Hmmm…things just started getting interesting. A recent post on the Cyclist magazine website may just have cracked open Pandora’s box and let the genie out of the bottle (bar-keeper, mix me another metaphor, this one’s gone flat!). Because (whisper it) disc brakes on road bikes may not be all that.
Here are some quotes from Cyclist’s review of the Trek Domane 6.9:
“The Domane 6.9 Disc is the first disc braked bike I’ve ridden with zero brake rub, even when making exaggerated movements to try to induce it. On this point, the thru-axles are a significant benefit, banishing the constant ‘zinging’ of the disc rotors against the pads I’ve experienced on so many other disc bikes.
It’s a matter of opinion, but I think the dropouts and axle arrangement, especially at the front, look ugly and over-built, certainly not befitting of an otherwise stealthy carbon road bike.
In the wet it required an enormous amount of care not to lock a wheel. Some might say powerful, reliable brakes are a great feature for safety, but I would say you can have too much of a good thing. Dialling down the power, perhaps in this case by fitting a smaller 140mm rotor (which would also look considerably neater) would allow a greater opportunity to tap into the modulation and the ‘feel’ that hydraulic disc brakes can undoubtedly provide. With the set-up as it was on this bike I was wary of pulling on the levers hard enough to feel the modulation, for fear of locking and skidding the wheels, even in the dry.”
OMG! Heretic! Blasphemer! Burn him!
So, to be clear, Stu Bowers (an experienced road-tester of bikes) has experienced brake-rub on every other disc-braked bike he has tested. And the brakes on this bike were so fearsome that he feared wheel lock-up even in the dry.
Oh dear…the industry is not going to like this. What about the fabled modulation improvements? What about the performance and safety gains? What about the Emperor’s news clothes? It’s actually a fairly shocking admission when you think about it. Here’s a £6000 bike that could have you chewing tarmac on your first ride. One that could scare the living crap out of you every time it rains. Is it so over-braked as to not be fit for purpose? I haven’t ridden it, so I can’t tell you. But Bowers has, in addition to loads of other bikes, so you have to assume he’s not incompetent (the accusation normally leveled at people who have braking issues).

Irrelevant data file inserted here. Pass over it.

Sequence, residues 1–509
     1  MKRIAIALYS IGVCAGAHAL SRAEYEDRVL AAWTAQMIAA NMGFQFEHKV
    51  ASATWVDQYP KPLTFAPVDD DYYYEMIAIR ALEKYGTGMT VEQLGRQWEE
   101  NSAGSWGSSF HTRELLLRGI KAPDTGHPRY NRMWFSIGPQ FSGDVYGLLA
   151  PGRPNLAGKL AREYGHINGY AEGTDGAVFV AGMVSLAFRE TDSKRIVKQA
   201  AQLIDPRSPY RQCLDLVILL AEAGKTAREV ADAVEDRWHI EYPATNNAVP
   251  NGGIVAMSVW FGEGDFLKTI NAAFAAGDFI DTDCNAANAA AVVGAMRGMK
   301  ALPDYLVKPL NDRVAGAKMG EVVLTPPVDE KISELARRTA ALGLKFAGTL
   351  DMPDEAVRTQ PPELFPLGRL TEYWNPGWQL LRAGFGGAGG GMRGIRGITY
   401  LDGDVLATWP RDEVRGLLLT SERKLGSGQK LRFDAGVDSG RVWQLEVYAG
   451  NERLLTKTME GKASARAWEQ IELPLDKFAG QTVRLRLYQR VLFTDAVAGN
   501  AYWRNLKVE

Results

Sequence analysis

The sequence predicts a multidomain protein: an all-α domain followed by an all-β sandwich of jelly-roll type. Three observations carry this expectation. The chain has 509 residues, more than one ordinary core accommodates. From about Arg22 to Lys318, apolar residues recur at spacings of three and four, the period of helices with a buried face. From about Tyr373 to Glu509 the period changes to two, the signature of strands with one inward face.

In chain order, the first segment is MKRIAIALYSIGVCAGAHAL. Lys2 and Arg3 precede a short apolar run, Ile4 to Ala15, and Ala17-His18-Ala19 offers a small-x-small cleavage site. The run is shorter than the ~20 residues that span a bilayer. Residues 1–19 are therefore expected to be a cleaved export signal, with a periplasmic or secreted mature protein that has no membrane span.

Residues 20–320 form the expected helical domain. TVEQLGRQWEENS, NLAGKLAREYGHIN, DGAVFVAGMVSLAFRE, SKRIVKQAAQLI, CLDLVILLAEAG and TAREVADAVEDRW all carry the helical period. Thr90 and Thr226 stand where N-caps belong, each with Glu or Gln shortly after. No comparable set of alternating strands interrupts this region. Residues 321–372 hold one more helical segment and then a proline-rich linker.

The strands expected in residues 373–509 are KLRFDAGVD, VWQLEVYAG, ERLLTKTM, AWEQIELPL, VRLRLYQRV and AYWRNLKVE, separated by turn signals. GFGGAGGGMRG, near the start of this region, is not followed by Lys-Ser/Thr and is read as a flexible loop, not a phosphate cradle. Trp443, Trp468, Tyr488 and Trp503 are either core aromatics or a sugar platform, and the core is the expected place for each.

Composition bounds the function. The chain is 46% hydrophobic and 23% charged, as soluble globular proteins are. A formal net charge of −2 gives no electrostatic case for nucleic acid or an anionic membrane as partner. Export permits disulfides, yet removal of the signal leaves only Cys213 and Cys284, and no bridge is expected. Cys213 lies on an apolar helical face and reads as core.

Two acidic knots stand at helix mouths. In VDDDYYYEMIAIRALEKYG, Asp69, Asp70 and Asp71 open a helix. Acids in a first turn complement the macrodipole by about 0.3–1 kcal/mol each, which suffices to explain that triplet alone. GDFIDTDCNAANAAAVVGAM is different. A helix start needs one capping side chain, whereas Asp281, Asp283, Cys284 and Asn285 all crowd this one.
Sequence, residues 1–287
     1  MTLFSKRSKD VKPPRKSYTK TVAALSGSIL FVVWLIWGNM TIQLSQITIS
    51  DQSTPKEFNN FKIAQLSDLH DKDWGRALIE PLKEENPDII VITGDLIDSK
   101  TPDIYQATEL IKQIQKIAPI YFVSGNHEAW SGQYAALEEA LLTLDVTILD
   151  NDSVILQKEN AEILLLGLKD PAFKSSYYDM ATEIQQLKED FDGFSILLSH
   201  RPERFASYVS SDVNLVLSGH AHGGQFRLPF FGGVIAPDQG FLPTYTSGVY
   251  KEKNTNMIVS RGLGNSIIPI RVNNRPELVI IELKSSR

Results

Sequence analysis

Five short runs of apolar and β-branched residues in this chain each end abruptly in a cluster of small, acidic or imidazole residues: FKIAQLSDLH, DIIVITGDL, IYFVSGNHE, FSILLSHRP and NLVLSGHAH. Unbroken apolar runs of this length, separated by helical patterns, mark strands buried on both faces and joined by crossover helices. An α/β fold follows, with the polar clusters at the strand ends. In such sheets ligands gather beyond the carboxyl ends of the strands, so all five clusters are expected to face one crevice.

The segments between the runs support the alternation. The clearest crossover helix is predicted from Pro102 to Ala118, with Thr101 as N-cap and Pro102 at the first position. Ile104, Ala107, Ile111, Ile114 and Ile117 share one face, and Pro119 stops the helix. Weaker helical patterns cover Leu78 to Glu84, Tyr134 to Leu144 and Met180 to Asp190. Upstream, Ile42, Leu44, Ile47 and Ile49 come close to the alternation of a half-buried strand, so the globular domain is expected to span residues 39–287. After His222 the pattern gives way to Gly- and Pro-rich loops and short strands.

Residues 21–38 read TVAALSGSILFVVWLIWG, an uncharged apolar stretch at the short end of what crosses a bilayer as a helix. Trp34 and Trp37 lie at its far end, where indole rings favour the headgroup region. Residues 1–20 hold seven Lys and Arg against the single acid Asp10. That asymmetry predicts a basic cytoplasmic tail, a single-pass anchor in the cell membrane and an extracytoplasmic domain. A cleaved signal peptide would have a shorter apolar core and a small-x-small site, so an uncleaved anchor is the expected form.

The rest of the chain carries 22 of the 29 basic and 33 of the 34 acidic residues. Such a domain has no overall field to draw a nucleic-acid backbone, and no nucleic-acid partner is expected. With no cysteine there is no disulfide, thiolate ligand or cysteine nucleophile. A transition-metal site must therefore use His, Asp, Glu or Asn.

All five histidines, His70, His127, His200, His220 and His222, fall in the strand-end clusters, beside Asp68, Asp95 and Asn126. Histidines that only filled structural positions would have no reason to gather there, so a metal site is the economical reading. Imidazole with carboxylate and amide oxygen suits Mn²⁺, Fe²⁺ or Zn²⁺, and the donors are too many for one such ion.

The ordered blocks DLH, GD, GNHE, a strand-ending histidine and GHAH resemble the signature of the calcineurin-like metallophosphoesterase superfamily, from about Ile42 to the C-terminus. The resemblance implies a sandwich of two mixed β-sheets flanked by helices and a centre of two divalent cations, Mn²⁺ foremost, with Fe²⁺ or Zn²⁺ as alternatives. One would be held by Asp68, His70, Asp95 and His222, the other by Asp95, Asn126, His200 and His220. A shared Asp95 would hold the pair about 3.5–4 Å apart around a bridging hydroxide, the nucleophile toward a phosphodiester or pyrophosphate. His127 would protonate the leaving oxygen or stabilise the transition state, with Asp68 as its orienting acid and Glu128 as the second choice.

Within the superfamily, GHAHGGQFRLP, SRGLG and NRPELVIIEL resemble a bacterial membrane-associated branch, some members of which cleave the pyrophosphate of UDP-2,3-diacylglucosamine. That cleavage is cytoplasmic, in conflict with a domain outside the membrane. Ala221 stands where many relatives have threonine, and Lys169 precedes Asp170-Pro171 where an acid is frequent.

Interestingly, this is the subject of a really excellent article in Cycle, the magazine that goes out to all CTC members. In the October/November issue is an piece by Richard Hallett, and it’s probably the most interesting and well argued article about disc brakes on bikes that I’ve read. In it he points out the things that no other mags dare, namely that disc brakes may not be suitable for road use.
This is something that has been bugging me for a while…we’re being sold a pup. The industry wants us to buy new stuff, and to buy new stuff that we can’t easily maintain ourselves. If the bike shops aren’t going to make much profit on sales (thanks to the interweb), at least they can make some money on replacing internal cables, bleeding brakes, replacing disc pads, etc.
Hallett, too, has experienced brake rub on many disc-braked bikes he’s ridden. In an industry obsessed with marginal gains, disc brakes seem to offer more marginal losses than gains. The tiny clearances necessary mean that brake rub is almost inevitable, leading to increased pad wear, especially when road grit gets onto the discs.
Heavy use, and tiny components (relative to a motorcycle or car disc brake setup), means the disc and caliper get very hot, even on relatively short descents. Hydraulic brake fluid is hygroscopic (it absorbs water), so when the fluid gets really hot the water molecules within it turn to vapour, the lever comes right back to the handlebar, and the brakes become spongy and fail. Sometimes the bonding agents in the brake pads overheat and release gasses that prevent proper pad-to-disc contact. This results in a very wooden feeling at the lever and greatly reduced braking capacity.
Bowers criticises the Domane 6.9 for looking over-engineered, but the fact is that for safety reasons it needs to be. To cope with the increased braking forces being nearer the end of the fork leg, and to one side, it’s necessary to build a stronger, tangentially-laced wheel and much beefier forks. That adds even more weight, on top of the already weightier disc and caliper. It’s physics, innit.
Unfortunately the cycling press doesn’t want to address any of this. Except for Cycle, which is funded primarily by CTC subs rather than advertising from the bike manufacturers. By all means embrace disc brakes, but how much of the gains from your aero bike, helmet and clothing are being negated by dragging your brakes the whole time? And how much of the savings you’re making on lack of rim wear are being devoured by increased pad wear and replacement costs? I don’t know.
But what I do know if that your favourite cycling magazine is unlikely to tell you any time soon.